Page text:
But the politician with the loudest megaphone has chosen a different, destructive approach.  Donald Trump, and his Attorney General Jeff Sessions, falsely insist there is a national crime wave, portraying a country besieged by crime, drugs, and terrorism — “American carnage,” as he called it in his inaugural address.

But, crime in the United States remains at historic lows.  While violent crime and murder did increase in 2015 and 2016, new data show crime and violence declining again in 2017. The national murder rate is approximately half of what it was at its 1991 peak.  Those who seek to use fear of crime for electoral gain are not just wrong on the statistics; they are also wrong on the politics.

Now, to continue the progress that has been made, it is up to candidates running for office to boldly advance policy solutions backed by facts, not fear.  This report offers reforms that would keep crime low, while significantly reducing incarceration.  Most solutions can be enacted through federal or state legislation.  While most of the prison population is under control of state officials, federal policy matters too.  The federal government’s prison population is larger than that of any state.  Further, Washington defines the national political conversation on criminal justice reform.  And although states vary somewhat in their approach to criminal justice, they struggle with similar challenges. The state solutions in this report are broadly written as “models” that can be adapted.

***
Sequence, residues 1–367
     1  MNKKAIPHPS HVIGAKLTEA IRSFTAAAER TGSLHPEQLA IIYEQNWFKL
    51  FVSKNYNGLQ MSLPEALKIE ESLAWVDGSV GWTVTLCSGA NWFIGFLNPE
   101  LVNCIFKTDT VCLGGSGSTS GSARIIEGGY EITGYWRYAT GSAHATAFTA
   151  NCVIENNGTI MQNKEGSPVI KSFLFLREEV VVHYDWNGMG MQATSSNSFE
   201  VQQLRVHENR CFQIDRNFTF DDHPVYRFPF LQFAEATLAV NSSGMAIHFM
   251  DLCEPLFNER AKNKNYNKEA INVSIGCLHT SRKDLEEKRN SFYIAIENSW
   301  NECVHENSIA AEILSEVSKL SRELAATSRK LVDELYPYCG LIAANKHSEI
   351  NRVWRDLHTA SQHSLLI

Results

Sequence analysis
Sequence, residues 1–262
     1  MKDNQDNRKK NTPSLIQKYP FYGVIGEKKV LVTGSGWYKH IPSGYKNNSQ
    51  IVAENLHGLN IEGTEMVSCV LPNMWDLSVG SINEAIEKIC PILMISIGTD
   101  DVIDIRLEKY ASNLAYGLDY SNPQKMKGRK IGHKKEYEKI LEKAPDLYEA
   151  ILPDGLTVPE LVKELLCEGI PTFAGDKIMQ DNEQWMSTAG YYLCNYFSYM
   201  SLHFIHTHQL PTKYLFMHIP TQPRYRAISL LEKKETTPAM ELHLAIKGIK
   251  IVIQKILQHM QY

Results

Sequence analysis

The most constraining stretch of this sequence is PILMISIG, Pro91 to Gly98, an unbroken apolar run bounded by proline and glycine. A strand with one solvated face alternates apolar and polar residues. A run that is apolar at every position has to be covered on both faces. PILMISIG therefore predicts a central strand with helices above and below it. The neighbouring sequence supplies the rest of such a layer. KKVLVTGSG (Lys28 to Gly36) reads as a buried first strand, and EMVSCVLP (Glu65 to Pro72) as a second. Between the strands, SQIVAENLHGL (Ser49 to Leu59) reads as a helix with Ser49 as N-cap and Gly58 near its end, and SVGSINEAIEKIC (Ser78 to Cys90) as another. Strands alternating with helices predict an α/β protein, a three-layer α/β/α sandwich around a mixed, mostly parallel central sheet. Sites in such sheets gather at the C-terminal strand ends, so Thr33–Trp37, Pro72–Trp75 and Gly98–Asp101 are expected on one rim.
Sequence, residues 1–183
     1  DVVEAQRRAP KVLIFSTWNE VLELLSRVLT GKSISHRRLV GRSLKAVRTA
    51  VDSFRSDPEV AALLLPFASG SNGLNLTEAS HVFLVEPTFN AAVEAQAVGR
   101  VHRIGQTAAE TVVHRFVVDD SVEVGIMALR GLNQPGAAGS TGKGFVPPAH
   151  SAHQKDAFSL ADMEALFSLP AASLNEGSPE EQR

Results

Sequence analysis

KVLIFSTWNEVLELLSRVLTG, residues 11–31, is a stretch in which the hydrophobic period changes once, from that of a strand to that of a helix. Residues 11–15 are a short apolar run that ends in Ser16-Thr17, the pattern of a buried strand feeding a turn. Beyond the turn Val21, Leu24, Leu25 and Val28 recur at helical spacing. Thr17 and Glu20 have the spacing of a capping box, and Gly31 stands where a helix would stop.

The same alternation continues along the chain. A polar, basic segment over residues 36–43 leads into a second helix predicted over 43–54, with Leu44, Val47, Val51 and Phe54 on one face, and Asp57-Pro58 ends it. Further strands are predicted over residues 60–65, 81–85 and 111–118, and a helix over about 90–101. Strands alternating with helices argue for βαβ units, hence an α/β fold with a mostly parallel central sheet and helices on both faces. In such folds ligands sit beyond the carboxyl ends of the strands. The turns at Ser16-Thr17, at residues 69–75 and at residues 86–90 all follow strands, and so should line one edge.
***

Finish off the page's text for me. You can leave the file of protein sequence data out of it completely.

Steps to take include:

• Eliminating Financial Incentives for Incarceration

• Enacting Sentencing Reform

• Passing Sensible Marijuana Reform

• Improving Law Enforcement

• Responding to the Opioid Crisis

• Reducing Female Incarceration

March 23, 2018 at 04:31 PM | Permalink


This is an insult to the intelligence, with billions of internet crimes taking $billions.

Posted by: David Behar | Mar 25, 2018 1:41:26 AM

At the top of the list should have been Gun Control. The only times we hear that a gun HAS been used to deter crime or protect life in private hands, too often there is controversy or clear evidence that the situation did NOT justify it. When a life is lost in error or unnecessarily in private revenge, there is no recompense. In situations of mass threat, like the school shootings, the damage and loss of life happens before any realistic response with firearms can be made from anyone present.
Guns belong under lock and key at shooting ranges and for use as sport. Leave the police to protect life.
Those eligble to own guns for hunting should be subject to the stringent tests for ownership. Those living in urban areas should not be permitted to participate in sport hunting.